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Marines from Marine Aerial Refueler Transport Squadron 252 prepare more than 22,000 pounds of cargo for an air drop April 16. This was the first successful aerial delivery of cargo since the KC-130J arrived here in February. This also marked the first combat aerial delivery for the J model aircraft. The airdrop measured six truck loads worth of supplies, which means more than 12 Marines did not have to risk convoy operations.

Photo by Lance Cpl. Andrew D. Pendracki

KC-130J aircraft makes first combat aerial delivery

16 Apr 2005 | 1st Lt. Ben W. Grant, VMGR-252 Pilot

Marine Aerial Refueler Transport Squadron 252 has performed yet another first with their new KC-130J during its combat theater debut.

In the early morning hours of April 16, a single KC-130J cargo plane delivered needed supplies to Forward Operating Base Korean Village, a remote outpost in the Iraqi desert.
However, the aircraft did not land to offload its cargo.  Instead, it successfully conducted the aerial delivery of these supplies to the Marines on the ground.

Aerial delivery is not new to many of the VMGR-252 Marines.  Some of the crew are veterans of operations in Afghanistan where similar parachute drops were conducted by older Marine KC-130 aircraft.  But this is the first combat aerial delivery for the J model, and it's another success for these Marines with the new J in Iraq.

"Aerial delivery is one mission we do that requires the entire crew to come together as a tight team to accomplish the mission", said Capt. James Palmer, 34, and native of Tempe, Ariz., the aircraft commander for the mission.  "The J now allows us to be even better.  The computer technology and state of the art avionics and navigation allow both consistent and accurate delivery of cargo on the drop zone."

The ability to perform such missions is important today.  One highly publicized aspect of the war in Iraq are the improvised explosive devices the supply convoys encounter.  The insurgents know the cargo they carry is critical to the success of operations in Iraq, and they make every effort to target them.

Corporal Brandon Hagy, 21-years-old, of Richmond, Va., summed it up.  "This kind of mission will help tremendously.  Every drop we do could save lives since fewer trucks will need to risk the trip.  We dropped 16 container delivery system bundles totaling 22,430 pounds of supplies in one pass."

Hagy, a loadmaster who did similar drops in the older model KC-130 in Afghanistan, said there was virtually no difference in his job between the two aircraft.  "There are some minor technical differences, and the J is better, but I still do the same thing"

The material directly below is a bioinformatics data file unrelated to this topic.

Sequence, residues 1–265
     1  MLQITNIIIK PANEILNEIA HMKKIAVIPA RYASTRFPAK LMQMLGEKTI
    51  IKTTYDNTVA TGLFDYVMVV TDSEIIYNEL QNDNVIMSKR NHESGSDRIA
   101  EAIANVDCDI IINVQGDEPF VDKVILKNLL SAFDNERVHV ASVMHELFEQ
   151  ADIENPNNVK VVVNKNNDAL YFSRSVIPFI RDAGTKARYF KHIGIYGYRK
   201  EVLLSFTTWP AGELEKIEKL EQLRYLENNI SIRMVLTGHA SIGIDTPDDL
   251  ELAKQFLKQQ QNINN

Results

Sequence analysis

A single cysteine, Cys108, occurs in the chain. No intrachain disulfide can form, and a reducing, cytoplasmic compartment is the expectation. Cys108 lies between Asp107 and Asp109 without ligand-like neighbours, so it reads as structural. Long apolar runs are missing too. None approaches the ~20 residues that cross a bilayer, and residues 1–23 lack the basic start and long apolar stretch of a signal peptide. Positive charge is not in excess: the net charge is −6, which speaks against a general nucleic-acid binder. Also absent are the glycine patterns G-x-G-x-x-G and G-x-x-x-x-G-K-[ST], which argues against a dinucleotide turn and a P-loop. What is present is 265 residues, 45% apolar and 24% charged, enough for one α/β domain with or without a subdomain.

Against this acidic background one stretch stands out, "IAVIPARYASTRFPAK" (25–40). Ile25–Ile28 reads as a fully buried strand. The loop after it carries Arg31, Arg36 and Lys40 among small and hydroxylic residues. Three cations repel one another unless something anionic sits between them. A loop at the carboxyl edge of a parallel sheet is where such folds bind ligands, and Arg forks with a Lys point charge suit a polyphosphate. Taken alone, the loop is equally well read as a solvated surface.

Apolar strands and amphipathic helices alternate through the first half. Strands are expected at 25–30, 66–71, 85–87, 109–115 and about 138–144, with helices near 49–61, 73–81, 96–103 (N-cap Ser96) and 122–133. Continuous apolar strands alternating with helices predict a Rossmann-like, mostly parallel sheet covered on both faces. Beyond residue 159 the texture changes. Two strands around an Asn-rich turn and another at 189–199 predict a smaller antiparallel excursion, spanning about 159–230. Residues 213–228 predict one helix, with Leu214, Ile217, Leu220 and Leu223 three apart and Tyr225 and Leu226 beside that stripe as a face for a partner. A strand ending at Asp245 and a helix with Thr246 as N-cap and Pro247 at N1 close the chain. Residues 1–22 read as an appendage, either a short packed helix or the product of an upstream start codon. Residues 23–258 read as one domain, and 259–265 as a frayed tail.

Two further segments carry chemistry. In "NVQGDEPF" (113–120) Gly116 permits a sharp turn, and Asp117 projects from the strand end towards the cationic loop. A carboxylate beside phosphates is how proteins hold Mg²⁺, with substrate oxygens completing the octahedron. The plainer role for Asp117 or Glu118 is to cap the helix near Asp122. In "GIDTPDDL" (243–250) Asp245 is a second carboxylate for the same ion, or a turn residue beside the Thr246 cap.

"Some aspects are more automated to make it more accurate with the J, and that's definitely a plus," said Staff Sgt. Vincent Chandler, the senior loadmaster, from Savannah, Ga.  "The Marines on the ground benefit most, and the pilots are able to use the aircraft's technology to pinpoint the cargo's landing zone.  We got the drop within 25 meters of our intended drop point."

This drop was done with the crew wearing night vision goggles.  Operating at night further assures success; the darkness providing cover from insurgents. The Marine J models also posses state of the art defensive systems that have proven themselves in the threatening Iraqi environment.

"The KC-130J has a heads-up display, the instrument lighting is night vision device compatible, and overall the new technology absolutely enhances the ability of the J", said Palmer.  "But who ultimately benefits from this improved capability are the Marines on the ground.  If we can get supplies to them faster, consistently, and more reliably, their lives are made easier and their ability to accomplish their missions is enhanced.  With the J model we can."

This aerial delivery further demonstrated the reliability of the Marine's J model KC-130s in combat operations.  Aerial refueling and traditional cargo and personnel transport have accounted for the majority of the almost 1,200 combat flight hours Marine Corps J's have flown since the squadron, whose call sign is Otis, arrived here in February.  This mission is another important task they anticipate to be further assigned.

Major C. J. Moses, the operations officer of VMGR-252, said future missions will result in "a reduction in convoy operations, and this will save lives".  This airdrop measured six truck- loads worth of supplies, which meant more than 12 Marines weren't required to convoy that day. 


- For more information about the event reported on in this story, please contact Gunnery Sgt. Shannon Arledge by e-mail at arledges@acemnf-wiraq.usmc.mil -

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